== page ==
The Northern Territory Government negotiated with land councils and pastoralists to buy the 1420 kilometre sliver of railway corridor, with compensation payments of $22 million.
The Northern and Central Land Councils were given equity in the railway project and a key legacy of construction was the large number of Aboriginal people employed and trained, particularly in the Tennant Creek and Katherine sleeper factories.
The Northern Territory took responsibility for environmental and heritage approvals. Sacred site certificates were obtained for a 200 metre wide corridor along the line and in some cases the route was varied to avoid sites of significance to local traditional owners.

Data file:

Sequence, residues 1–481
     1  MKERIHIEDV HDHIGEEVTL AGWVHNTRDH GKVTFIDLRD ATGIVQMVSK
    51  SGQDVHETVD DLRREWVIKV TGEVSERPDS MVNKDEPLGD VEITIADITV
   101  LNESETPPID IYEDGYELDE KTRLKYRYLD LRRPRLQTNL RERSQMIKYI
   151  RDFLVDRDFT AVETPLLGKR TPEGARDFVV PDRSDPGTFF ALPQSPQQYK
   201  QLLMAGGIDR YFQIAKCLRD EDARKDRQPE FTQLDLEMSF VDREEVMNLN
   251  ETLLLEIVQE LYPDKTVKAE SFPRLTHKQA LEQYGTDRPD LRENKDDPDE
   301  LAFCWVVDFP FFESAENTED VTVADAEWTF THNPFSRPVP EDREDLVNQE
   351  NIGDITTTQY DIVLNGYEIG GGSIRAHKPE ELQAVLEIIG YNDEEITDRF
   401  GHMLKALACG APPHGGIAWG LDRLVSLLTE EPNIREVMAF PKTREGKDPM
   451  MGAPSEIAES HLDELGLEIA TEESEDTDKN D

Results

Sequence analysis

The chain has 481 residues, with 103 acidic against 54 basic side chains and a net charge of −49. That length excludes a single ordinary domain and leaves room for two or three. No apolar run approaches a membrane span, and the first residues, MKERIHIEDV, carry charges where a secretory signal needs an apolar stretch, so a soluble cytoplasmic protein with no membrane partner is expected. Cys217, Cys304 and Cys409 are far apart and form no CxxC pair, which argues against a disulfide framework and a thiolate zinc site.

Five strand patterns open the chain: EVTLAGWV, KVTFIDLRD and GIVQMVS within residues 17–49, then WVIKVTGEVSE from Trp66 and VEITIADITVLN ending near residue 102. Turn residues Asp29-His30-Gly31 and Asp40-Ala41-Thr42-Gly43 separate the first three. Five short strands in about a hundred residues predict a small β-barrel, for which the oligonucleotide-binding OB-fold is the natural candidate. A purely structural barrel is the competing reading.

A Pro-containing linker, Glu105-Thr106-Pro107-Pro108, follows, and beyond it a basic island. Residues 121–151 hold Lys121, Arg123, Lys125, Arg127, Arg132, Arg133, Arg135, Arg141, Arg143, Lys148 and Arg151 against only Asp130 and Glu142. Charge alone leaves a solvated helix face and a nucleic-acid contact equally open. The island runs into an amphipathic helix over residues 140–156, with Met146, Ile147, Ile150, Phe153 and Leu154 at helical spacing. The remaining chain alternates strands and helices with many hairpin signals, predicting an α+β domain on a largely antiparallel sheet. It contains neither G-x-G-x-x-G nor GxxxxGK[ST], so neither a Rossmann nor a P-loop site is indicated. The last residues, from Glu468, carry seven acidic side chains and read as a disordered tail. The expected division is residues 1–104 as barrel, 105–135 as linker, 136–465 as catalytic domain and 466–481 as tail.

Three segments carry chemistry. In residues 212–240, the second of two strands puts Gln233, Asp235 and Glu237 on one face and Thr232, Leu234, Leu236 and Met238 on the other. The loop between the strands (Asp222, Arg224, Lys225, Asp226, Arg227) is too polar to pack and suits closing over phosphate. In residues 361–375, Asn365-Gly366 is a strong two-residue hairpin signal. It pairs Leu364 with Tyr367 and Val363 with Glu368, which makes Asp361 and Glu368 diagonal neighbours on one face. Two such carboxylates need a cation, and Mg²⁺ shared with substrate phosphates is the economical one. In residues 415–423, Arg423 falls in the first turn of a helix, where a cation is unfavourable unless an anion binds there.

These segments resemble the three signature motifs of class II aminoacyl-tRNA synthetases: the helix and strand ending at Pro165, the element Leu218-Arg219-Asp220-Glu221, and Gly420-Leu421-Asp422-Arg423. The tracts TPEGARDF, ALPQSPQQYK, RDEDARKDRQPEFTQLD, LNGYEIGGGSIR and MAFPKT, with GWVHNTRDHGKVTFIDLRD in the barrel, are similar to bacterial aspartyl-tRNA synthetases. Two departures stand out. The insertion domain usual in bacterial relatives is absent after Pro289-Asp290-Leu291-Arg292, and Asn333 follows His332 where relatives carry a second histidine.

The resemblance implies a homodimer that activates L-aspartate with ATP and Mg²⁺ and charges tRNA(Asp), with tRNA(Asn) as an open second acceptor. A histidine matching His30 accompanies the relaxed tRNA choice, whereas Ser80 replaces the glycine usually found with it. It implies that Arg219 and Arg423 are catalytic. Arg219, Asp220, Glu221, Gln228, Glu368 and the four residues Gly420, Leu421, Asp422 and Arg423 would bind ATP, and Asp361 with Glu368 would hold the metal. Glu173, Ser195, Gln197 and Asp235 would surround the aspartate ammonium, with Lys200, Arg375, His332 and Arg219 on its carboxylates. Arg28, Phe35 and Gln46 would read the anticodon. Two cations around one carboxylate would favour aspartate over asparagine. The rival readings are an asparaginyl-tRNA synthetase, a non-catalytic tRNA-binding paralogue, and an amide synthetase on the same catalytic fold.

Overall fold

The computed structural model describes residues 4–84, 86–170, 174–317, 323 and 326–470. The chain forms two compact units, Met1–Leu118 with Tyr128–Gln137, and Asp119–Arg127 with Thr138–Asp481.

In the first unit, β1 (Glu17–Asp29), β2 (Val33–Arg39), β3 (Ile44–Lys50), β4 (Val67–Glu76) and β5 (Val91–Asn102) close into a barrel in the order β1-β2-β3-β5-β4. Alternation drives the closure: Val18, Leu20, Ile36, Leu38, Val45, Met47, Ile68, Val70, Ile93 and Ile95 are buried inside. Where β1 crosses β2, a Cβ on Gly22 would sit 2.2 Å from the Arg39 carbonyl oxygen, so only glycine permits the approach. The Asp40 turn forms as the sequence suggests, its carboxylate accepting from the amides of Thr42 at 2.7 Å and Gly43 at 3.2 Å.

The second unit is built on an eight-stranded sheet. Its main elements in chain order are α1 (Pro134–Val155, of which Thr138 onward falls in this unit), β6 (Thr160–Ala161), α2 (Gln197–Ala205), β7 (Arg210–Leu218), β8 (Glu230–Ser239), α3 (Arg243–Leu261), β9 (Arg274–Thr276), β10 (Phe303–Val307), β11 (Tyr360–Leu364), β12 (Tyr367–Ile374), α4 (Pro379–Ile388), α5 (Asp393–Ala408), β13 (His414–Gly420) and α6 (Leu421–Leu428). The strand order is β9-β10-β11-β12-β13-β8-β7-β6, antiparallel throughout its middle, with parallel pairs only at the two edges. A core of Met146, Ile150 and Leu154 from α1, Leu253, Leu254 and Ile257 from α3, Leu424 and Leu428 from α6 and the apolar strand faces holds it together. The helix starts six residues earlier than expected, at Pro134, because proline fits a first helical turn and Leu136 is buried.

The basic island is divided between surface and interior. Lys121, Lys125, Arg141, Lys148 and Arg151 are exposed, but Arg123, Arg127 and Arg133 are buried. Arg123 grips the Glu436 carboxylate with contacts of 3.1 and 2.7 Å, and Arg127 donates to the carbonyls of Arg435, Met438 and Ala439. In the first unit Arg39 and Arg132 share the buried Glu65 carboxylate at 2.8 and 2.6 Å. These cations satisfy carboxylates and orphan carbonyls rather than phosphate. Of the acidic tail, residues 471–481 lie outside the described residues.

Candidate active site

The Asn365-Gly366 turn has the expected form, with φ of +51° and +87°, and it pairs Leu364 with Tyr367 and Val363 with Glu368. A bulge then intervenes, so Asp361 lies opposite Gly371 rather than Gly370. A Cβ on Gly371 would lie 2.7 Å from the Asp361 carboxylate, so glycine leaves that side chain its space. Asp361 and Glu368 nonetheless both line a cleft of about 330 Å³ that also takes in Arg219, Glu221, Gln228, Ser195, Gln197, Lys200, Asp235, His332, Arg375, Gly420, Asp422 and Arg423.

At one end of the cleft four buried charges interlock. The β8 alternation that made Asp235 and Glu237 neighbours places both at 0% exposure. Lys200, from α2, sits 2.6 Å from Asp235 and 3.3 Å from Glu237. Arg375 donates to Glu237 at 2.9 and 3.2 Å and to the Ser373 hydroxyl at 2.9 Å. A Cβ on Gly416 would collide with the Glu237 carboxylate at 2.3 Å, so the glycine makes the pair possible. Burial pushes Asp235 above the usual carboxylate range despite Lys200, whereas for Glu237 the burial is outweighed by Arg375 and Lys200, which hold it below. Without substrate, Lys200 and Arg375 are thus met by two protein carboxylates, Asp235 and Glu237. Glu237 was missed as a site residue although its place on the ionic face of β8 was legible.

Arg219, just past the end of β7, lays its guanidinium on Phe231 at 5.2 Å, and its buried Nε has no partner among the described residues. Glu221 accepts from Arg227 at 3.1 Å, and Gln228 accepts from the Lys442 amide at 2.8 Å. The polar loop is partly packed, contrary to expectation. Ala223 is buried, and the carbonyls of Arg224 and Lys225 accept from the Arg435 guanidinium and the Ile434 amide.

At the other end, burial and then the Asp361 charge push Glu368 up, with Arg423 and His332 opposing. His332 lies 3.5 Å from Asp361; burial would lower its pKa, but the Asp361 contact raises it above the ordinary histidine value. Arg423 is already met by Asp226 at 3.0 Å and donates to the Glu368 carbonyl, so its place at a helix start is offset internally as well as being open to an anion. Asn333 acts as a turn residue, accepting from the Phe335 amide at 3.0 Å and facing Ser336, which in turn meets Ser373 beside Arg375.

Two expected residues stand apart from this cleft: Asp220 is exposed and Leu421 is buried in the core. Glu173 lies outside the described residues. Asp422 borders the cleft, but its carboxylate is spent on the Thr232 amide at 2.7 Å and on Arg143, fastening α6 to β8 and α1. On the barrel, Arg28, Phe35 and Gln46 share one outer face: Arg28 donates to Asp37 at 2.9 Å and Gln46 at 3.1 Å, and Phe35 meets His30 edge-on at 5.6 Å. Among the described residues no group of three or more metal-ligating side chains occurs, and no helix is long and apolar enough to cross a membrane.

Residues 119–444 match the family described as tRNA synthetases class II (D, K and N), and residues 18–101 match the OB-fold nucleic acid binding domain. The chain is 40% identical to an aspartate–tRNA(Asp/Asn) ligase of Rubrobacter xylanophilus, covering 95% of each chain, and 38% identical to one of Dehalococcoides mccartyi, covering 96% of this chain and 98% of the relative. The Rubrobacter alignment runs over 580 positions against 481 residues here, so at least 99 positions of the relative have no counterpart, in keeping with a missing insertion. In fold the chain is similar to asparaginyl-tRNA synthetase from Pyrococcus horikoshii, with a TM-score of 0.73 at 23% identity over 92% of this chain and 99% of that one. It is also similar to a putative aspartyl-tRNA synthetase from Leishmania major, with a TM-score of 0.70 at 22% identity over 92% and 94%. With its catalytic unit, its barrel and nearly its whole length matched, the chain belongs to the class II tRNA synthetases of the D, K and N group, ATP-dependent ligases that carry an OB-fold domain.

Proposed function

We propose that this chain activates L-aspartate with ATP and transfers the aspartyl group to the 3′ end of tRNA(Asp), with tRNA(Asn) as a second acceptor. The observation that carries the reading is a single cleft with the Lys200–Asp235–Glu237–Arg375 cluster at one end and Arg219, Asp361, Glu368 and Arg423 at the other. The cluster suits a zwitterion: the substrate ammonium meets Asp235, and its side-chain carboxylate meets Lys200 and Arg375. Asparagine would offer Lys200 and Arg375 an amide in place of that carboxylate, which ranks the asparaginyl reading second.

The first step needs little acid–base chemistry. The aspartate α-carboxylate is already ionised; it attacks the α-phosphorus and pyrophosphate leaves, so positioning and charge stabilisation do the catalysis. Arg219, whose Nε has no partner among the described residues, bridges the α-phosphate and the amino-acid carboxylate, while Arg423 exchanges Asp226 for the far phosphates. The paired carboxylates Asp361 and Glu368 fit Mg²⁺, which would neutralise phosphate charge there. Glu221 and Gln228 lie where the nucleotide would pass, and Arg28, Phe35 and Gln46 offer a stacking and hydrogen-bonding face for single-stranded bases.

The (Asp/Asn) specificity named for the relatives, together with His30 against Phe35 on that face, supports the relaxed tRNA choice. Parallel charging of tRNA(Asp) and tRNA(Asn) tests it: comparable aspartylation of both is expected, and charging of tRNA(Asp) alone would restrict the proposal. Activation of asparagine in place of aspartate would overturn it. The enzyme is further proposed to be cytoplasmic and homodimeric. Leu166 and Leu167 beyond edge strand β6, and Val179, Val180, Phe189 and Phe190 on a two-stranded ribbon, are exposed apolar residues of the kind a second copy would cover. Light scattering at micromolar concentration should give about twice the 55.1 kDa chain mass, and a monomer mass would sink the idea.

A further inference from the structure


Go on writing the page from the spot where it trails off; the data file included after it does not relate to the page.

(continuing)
The project saw the cataloguing of stone artefacts collected from 27 archaeological sites within the railway corridor. A detailed database of the collection represents a significant contribution to archaeological knowledge of Aboriginal settlement patterns, subsistence economies and the prehistory of the Northern Territory.
The area of the Gouldian Finch wet season feeding habitat affected by construction of the railway was reestablished using plants from a nursery set up before construction. ADrail, with help from Greening Australia and the Kybrook Farm Community at Pine Creek, rehabilitated the site at Yinberrie Hills, about 50 kilometres north of Katherine.